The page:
1. Buy the PTS for instructors
  2. Make a plan that includes the following items and anything else in the PTS required.
  3. Find a CFI who is able to give you this instruction and run YOUR plan past them.
  4. Read and tab your FOI...then take the test
  5. Read and tab your FAR/AIM
  6. Read and tab the airplane flying handbook
  7. Create a big binder full of necessary lesson plans and other materials that will be important for you to reference both on your ride and while you instruct.
  8. Teach your sister what a cold front is, then teach your mom the four forces, then teach PilotPip's mom the four forces!:)
  9. Then show your instructor that you can teach.
  10. And finally, while doing all this, fly a couple times with your instructor and learn how to talk and fly (helps to talk yourself through a route or technique while youre driving too)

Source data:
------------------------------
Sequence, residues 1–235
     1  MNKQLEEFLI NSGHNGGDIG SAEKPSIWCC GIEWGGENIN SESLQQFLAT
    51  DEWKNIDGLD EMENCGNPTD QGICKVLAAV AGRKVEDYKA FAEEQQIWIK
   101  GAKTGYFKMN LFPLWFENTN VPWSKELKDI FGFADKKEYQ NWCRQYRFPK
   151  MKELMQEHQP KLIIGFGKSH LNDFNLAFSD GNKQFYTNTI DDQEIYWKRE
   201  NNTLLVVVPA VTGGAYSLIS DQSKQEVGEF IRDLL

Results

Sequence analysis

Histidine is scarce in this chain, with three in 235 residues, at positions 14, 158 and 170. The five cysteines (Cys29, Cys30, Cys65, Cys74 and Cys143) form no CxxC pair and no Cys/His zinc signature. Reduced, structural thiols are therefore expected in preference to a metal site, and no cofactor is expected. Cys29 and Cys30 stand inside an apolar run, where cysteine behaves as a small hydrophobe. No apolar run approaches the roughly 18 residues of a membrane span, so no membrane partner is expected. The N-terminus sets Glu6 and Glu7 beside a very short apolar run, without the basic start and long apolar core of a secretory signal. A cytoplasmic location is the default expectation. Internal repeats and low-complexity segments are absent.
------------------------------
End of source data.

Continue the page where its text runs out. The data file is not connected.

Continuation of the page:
If you do all this and use your instructor as a guide...not a crutch, you will be a fantastic CFI who did it on the cheap...not a quick CFI who overpaid for training.

Remember, the CFI is only a small part flying, but a BIG part teaching. People don't fail their ride because they can't fly, they fail because they can't teach.


(ps, about the II and MEI, I would use aviation money to fund those...get paid by being an instructor to get your additional ratings. Plus, most places give you a discount on Sims and aircraft as an employee)

Krafty1 10-03-2008 11:24 AM